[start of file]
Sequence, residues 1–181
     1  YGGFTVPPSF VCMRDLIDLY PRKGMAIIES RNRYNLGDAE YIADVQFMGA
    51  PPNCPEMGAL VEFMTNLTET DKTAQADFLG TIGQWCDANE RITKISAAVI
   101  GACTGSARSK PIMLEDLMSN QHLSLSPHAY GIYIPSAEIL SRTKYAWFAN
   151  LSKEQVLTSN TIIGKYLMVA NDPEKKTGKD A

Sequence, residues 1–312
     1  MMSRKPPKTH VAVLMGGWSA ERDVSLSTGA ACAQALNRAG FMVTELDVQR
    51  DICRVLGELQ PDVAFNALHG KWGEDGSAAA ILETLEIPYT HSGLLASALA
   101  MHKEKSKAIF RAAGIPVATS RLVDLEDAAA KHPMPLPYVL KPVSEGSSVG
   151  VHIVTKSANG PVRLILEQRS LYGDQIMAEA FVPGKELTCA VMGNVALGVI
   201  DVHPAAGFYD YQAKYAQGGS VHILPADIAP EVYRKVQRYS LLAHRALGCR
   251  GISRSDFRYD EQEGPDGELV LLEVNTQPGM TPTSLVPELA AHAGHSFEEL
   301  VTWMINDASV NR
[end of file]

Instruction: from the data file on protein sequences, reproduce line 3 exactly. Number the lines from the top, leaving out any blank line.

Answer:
    51  PPNCPEMGAL VEFMTNLTET DKTAQADFLG TIGQWCDANE RITKISAAVI